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Bend Sinister: Three Tales Of Gothic Terror


Three figures, each more monster than man, cast long shadows over the 19th century gothic novel: a vampiric count, seeking new hunting grounds; a wanderer, cornered after a lifetime spent avoiding damnation; and a sinister, drug-addicted uncle, intent upon securing a wealthy estate even if it means murdering a niece to do so. These three works — Charles Maturin's Melmoth the Wanderer, Uncle Silas by Joseph Sheridan Le Fanu and Bram Stoker's Dracula — represent the cornerstones of the Anglo-Irish gothic tradition.

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Bend Sinister: Three Tales of Gothic Horror


by Bram Stoker

Stoker's Dracula is certainly the most famous of these gothic creations. Dracula uses the opportunity offered by the visit of a young lawyer, Jonathan Harker, to escape his crumbling Transylvanian castle and travel to England, there to prey upon Harker's fiancee, Mina Murray, and her friend, the doomed Lucy Westenra. Dracula remains a curiously modern book: Its structure eschews a traditional narrative in favor of fragments of diary entries, newspaper stories and psychiatric reports, and it is fascinated by technologies like phonographic recordings and the mechanics of blood transfusion. But it is the depiction of the Count himself that transfixes. He is the evolutionary high point of the vampire genre, distilling the charisma of John Polidori's Lord Ruthven (the titular, Byron-inspired villain of Polidori's 1819 story The Vampyre) and the superhuman powers of James Malcolm Rymer's 1840s Varney the Vampire to become a monster capable of both animal cunning and aristocratic sophistication, a figure repellent in its appetites yet possessed with immense sexual attraction.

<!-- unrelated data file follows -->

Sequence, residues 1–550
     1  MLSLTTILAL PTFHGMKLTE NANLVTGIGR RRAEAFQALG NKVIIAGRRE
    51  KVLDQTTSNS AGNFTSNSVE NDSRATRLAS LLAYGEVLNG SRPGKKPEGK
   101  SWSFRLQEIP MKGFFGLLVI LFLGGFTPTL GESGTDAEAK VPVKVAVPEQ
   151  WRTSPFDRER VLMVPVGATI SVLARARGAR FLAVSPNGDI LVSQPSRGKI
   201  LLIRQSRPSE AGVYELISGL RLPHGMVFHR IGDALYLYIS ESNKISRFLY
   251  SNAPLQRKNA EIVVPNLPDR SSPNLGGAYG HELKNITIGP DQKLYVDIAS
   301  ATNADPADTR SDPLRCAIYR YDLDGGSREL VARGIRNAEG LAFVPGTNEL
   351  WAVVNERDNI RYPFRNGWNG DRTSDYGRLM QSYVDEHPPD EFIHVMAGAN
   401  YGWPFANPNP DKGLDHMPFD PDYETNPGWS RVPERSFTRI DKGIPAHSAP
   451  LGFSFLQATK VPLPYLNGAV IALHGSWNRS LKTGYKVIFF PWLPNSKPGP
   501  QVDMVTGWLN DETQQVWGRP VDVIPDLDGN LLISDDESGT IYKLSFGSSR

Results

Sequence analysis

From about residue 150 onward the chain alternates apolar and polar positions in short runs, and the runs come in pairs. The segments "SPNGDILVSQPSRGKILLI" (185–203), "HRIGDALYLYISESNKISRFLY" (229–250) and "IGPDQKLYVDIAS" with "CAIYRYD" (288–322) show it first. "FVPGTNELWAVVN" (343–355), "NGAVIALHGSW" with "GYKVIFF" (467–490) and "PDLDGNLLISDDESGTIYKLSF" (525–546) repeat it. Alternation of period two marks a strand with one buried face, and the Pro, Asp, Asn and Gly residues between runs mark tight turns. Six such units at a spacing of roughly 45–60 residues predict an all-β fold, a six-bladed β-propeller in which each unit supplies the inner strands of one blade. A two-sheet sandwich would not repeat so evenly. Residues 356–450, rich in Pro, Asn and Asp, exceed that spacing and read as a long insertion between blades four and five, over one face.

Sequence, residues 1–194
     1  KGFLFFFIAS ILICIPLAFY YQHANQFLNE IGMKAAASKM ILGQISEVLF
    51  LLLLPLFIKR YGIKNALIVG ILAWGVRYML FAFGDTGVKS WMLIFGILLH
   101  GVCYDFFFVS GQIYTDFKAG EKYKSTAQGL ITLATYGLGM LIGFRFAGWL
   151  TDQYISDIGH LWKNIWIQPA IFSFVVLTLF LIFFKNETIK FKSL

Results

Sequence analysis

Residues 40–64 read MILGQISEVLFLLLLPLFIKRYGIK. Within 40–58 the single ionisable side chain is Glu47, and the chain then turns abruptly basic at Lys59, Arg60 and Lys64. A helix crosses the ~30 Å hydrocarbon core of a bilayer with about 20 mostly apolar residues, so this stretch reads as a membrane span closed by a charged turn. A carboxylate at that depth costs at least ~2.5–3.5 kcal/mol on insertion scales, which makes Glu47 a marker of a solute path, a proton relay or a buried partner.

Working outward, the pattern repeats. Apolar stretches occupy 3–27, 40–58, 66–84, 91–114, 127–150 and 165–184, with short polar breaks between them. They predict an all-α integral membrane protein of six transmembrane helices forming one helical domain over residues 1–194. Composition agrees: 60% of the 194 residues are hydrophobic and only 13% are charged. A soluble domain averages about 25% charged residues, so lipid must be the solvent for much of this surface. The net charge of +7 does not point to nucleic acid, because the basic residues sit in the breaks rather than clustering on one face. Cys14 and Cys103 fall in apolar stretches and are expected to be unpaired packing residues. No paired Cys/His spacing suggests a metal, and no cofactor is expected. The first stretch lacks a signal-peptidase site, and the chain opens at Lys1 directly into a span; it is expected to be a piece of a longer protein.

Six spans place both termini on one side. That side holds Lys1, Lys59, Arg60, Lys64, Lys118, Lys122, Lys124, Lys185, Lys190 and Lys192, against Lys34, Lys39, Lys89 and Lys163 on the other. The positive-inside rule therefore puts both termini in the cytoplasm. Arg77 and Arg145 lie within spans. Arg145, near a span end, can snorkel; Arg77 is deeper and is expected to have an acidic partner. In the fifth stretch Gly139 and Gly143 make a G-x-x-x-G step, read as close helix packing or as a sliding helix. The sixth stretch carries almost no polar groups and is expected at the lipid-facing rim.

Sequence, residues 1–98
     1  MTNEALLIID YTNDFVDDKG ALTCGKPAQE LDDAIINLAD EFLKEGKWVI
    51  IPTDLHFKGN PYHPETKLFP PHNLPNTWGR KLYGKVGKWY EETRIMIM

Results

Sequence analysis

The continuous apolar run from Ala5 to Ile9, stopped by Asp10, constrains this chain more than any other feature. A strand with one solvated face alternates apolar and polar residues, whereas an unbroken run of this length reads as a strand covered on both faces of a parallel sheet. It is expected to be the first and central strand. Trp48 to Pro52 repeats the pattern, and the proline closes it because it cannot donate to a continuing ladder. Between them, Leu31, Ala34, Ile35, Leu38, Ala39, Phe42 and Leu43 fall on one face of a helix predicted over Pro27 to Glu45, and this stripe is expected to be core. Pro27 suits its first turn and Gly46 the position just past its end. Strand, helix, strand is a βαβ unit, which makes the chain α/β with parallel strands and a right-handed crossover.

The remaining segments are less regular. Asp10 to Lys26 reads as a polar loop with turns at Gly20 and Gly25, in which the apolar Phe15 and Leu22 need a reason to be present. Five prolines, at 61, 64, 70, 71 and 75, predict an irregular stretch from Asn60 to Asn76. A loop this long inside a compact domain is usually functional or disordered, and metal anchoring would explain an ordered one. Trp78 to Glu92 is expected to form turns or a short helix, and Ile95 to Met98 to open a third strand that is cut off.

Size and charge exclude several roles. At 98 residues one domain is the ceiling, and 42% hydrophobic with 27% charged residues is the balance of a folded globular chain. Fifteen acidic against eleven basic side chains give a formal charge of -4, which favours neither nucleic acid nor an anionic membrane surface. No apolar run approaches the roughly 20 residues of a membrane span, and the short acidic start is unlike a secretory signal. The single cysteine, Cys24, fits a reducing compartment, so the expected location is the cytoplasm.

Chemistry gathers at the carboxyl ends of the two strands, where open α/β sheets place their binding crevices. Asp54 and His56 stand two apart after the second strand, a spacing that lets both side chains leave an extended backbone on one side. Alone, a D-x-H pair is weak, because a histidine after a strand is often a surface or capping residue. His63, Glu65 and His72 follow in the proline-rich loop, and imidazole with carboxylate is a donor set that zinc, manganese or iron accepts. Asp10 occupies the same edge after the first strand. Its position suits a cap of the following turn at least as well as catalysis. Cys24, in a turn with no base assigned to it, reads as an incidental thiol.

Melmoth the Wanderer

by Charles Robert Maturin

Melmoth, meanwhile, strikes a deal with the devil to extend his life but, if he is not to be dragged to hell upon his death, he must find another to take over the pact. His long tenure on Earth is cursed by the shadow of his own impending damnation, and the irony of Melmoth's bargain is that the knowledge of the price he may have to pay in the next world for his unnatural life span in this one drains any real pleasure from his existence. Melmoth the Wanderer is a book of tales within tales, encompassing the Spanish Inquisition and a lengthy sojourn in the Indies, and is haunted by the presence of the diabolical "Traveler." It has dated less well than Dracula, perhaps, but remains one of the greatest examinations of the "Faustian pact" in fiction.

Uncle Silas

by Joseph Sheridan Le Fanu

And then there is Silas, whose dark past includes the suspicious suicide of one of his creditors. He is entrusted with the care of his niece, Maud Ruthyn, upon the death of her father, but his goal is to seize control of her inheritance, either by marrying her to his loutish son, Dudley, or by ensuring that she does not live long enough to collect it. Le Fanu is certainly the best writer of the three novelists, and much of the impact of Uncle Silas comes from his slow, subtle revelation of the nature of the threat to Maud. Initially, life in Silas' mansion at Bartram-Haugh is not unpleasant for her, but it gradually grows stranger as her sense of isolation increases, a fever dream that darkens to nightmare.

John Connolly